Sunday, August 2, 2009

Cooking and Chauvinism

Michael Pollan's "Out of the Kitchen, Onto the Couch" New York Times article is one of those annoying thinly veiled attempts to bemoan the ways in which modern women have abandoned their housewifely duties. I have written before about my love for cooking and my struggle to keep this hobby secret because of the chauvinistic connotations attached to it. Pollan's article is a perfect example of how a chauvinistic culture attaches all kinds of ideologically manipulative beliefs to cooking.

People seem to love cooking shows (Top Chef, Hell's Kitchen, Gordon Ramsay's Kitchen Nightmares), Pollan says, but this fascination with TV programs doesn't make them want to cook on their own: "Here’s what I don’t get: How is it that we are so eager to watch other people browning beef cubes on screen but so much less eager to brown them ourselves?" For some Reason, Pollan doesn't ask himself why all the people who watch "So You Think You Can Dance?"and "American Idol" don't rush to take dancing and singing lessons, why all the fans of Law & Order don't seek careers in law enforcement, or why everybody who watches 24 doesn't engage in torturing people on a regular basis. "A great many Americans are spending considerably more time watching images of cooking on television than they are cooking themselves", says Pollan, but forgets to add that there is a score of activities that we love observing on television even though we never engage in them in real life.

Pollan doesn't stop at lamenting the lack of popularity homecooking enjoys. He goes on to look for people to blame. The answer is easy for this journalist: blame the feminists. Big, mean and nasty feminists, it turns out, duped poor innocent American women into believing that housewifely chores might be boring, repetitive and unfulfilling: "The year Julia Child went on the air — 1963 — was the same year Betty Friedan published “The Feminine Mystique,” the book that taught millions of American women to regard housework, cooking included, as drudgery, indeed as a form of oppression." According to this male chauvinist, women loved dedicating their entire existence to cooking, cleaning, and doing the laundry. Then Betty Friedan came and magically convinced them they were miserable. Since women are inherently brainless, one book is more than enough to convince them that they hate activities that they, in fact, enjoy. It's surprising that these utterly stupid creatures even managed to read and understand the book in question, but this is yet another contradiction in this quasi-journalist's idiotic argument.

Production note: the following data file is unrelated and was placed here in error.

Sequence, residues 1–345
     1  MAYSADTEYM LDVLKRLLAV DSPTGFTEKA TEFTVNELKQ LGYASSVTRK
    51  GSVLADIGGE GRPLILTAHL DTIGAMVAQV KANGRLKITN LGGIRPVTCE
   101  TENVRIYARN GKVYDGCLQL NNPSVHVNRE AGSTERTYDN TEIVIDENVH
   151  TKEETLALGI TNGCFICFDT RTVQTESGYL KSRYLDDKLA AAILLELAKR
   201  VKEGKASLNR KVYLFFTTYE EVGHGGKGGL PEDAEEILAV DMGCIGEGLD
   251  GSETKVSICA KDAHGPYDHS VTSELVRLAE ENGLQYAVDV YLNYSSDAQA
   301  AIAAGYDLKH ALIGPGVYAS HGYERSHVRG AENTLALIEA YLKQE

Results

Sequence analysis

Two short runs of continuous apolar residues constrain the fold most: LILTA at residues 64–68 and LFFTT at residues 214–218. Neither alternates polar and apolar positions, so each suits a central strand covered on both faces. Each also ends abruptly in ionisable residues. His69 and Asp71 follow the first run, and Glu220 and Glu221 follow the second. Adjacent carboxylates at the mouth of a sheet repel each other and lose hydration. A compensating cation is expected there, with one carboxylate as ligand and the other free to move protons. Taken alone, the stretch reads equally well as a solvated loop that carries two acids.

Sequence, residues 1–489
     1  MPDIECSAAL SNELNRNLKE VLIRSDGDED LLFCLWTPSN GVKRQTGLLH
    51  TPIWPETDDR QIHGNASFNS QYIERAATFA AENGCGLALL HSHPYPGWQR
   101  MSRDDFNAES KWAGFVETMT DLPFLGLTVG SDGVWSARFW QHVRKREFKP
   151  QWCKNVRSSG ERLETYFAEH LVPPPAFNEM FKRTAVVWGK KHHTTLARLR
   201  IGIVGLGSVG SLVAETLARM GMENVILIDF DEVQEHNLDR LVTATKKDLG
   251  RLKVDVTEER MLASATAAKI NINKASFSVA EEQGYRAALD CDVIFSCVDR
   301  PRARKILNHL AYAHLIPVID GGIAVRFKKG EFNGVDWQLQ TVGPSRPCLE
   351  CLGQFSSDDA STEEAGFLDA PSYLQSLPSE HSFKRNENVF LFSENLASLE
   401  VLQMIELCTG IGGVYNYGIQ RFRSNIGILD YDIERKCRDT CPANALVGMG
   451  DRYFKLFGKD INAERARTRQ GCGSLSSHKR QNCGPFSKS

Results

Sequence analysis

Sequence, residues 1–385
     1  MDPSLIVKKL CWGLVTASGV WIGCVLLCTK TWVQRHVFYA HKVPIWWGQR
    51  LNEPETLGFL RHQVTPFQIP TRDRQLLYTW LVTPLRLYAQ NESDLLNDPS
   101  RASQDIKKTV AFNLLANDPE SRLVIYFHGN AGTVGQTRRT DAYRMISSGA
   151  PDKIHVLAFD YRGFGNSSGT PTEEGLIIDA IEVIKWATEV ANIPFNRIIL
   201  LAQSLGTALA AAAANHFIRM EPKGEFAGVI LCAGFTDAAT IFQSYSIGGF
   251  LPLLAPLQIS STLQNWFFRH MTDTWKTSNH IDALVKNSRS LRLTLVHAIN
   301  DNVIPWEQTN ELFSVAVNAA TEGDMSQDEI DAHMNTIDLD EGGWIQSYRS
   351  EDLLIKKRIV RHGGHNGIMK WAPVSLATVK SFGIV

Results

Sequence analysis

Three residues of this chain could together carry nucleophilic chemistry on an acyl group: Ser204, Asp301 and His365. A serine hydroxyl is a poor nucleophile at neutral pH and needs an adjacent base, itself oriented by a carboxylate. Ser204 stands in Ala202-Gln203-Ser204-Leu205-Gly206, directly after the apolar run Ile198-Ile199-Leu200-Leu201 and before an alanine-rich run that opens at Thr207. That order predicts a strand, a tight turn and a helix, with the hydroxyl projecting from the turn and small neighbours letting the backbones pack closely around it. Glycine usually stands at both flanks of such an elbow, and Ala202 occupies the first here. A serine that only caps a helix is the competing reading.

This kind of antifeminist reasoning inevitably leads Pollan into a breathless description of happy prelapsarian (that is, before cooking was "thoughtlessly trampled" by nasty feminists "in their rush to get women out of the kitchen") moment when women cooked and men sat around and observed their efforts: "Even when “everyone” still cooked, there were plenty of us who mainly watched: men, for the most part, and children. Most of us have happy memories of watching our mothers in the kitchen, performing feats that sometimes looked very much like sorcery and typically resulted in something tasty to eat." It doesn't matter to Pollan if the women he is dying to see back in the kitchen are interested in providing him not only with homecooked food but also with entertainment. The journalist then proceeds to enumerate his mother's cooking miracles in a tone of a whiny 5-year-old who wants mean feminists to give him back his mommy.

This kind of attitude is precisely why I don't tell people I cook. Chauvinists of Pollan's ilk are incapable of seeing cooking simply as a hobby, they need to attach ideological meaning to it.


Love Letters To Margate said...

As an undergraduate, we were offered a course called 'Food and Literature' - probably one of my favourite courses and there were endless jokes for patriarch types about it - as if it couldn't be serious. Pah! It was one of the hardest courses I did (with reference to structuralist thought, Descartes and all sorts).

Even studying the history of cooking appears to be fairly laughable...

Anonymous said...

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